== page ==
Filed under: Anti-Patriarchy, Featured, Queer, Sports, Tranarchy, Trans
Anarchists in the Cactus Collective are building inclusive space for queer, trans, and femme people in the local skating scene of Riverside, California, while also promoting anarchist and antifascist ideas through zines, stickers, and posters. Evelyn from Tranarchy was able to catch up with them to find out just how this social experiment was unfolding.
The congregation of LGBTQ people is of massive importance to our safety and social comfort; unfortunately, queer spaces have had a bad rap due to their vibes of superficiality, alcohol-centeredness, and behind-closed-doors hiddenness. But the radical Riverside-based group known as the Cactus Collective offer a starkly different organizing atmosphere – one that won’t be polite with fascists, radicalizes their community, prioritizes open assembly, includes sober folks, and digs skateboarding.
Since November, the Cactus Collective has held regular Queer & Femme Skate Day events at Hunt Park in Riverside, and when I spoke with them, they expressed immense joy at the attendance they were able to garner.
“Our first one was in November of last year…I was surprised by how many people turned out, as we don’t have a super large social media presence. We put some fliers up, and just kind of hoped for the best, and people actually responded.”
The group was inspired to try out this event for a plethora of reasons, one of which was the notable lack of drug-free, alcohol-free environments for queer folks. “I was born and raised in Riverside, and there’s nothing really here for us except for bars,” one member explained. “It’s really bad for people who have substance abuse issues, and it’s really bad for anybody under the age of 21. That leaves out a ton of people.” Given the apparent lack of sober-friendly LGBTQ spaces, it’s quite refreshing that at their first Skate Day, the group held a first aid training which included instructions on using Naloxone (aka Narcan) to treat overdoses.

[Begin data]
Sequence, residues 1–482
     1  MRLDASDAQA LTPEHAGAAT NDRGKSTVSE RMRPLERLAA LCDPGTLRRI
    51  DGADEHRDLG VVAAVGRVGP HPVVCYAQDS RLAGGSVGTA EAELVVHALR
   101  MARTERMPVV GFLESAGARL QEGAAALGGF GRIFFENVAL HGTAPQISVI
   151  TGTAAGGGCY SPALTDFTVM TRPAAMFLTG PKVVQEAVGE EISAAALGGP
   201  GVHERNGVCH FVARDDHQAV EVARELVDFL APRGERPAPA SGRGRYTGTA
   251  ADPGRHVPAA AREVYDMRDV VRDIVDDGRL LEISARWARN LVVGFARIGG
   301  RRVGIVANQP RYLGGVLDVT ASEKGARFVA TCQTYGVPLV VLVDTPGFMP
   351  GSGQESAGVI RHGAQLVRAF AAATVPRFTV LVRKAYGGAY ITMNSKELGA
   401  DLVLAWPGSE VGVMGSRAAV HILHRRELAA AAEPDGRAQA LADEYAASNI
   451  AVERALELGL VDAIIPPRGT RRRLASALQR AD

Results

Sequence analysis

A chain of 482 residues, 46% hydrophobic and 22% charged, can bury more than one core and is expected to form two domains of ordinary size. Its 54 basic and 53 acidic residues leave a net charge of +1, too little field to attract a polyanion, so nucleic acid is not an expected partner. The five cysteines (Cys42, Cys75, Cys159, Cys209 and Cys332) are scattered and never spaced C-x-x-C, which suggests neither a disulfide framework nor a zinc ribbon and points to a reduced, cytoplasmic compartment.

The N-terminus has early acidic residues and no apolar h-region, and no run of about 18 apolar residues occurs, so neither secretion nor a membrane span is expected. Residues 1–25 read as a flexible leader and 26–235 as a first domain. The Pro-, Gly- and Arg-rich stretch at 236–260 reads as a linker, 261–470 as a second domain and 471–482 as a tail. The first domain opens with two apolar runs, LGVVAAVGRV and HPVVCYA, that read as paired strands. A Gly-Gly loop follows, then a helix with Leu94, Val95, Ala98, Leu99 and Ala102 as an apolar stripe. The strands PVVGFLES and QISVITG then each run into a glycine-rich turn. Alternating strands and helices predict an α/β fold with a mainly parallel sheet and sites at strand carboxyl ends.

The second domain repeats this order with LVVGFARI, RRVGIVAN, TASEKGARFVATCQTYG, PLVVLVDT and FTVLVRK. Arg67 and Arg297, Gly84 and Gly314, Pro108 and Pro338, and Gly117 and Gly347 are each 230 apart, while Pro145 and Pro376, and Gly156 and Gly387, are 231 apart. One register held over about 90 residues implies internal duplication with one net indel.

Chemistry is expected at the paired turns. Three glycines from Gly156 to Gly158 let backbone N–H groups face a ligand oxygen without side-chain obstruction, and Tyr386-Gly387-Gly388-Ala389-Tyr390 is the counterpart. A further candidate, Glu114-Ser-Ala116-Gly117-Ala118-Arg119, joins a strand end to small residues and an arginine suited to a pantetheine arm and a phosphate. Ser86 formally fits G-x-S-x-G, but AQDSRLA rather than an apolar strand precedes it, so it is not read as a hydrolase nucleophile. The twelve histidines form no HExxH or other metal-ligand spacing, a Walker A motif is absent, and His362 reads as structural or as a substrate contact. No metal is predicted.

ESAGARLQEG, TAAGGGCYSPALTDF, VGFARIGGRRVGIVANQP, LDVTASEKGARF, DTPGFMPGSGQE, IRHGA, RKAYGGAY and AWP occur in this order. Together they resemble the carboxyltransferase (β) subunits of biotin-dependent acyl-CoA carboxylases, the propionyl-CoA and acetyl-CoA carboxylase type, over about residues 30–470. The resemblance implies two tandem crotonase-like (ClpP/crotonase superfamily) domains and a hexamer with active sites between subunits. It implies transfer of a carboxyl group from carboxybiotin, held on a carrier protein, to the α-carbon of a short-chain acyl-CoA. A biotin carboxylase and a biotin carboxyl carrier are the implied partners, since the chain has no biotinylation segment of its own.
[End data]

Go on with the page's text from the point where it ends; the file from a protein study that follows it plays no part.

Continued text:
“I think now, we have a good relationship with the harm reduction crew here, so I think we’re gonna start making that regular, like every single time we’re gonna distribute Narcan and do those trainings.”
When radical groups help out the local community in this way, it provides a challenge to those who would attack their organizational efforts. Aside from these trainings, the Collective has also distributed food, water, and other supplies to their city’s residents.
That said, given that this group is made up of anti-fascist queer anarchists, not everyone has been so accepting.
“Skateparks are not usually the most welcoming place for queer people – it’s a very heavily-masculine atmosphere and that’s something we experienced while we were holding the event. We would have people come up to us and act with hostility, because we weren’t conforming to their expectation for a masculine place.”
Thankfully, efforts to hinder their message have been unsuccessful. As a matter of fact, the skatepark atmosphere offers an opportunity to deprogram the cisnormative and heteronormative ideas that young skaters have been fed.
Our store is re-stocked and re-organized! Brand new sticker packs, a brand new shirt design, new zine packs, and also special bulk deals. All shirts are also organized by size to make it much easier to order, including all older designs. Check it out! https://t.co/0Hks1B7lta pic.twitter.com/CdUzNTHq8x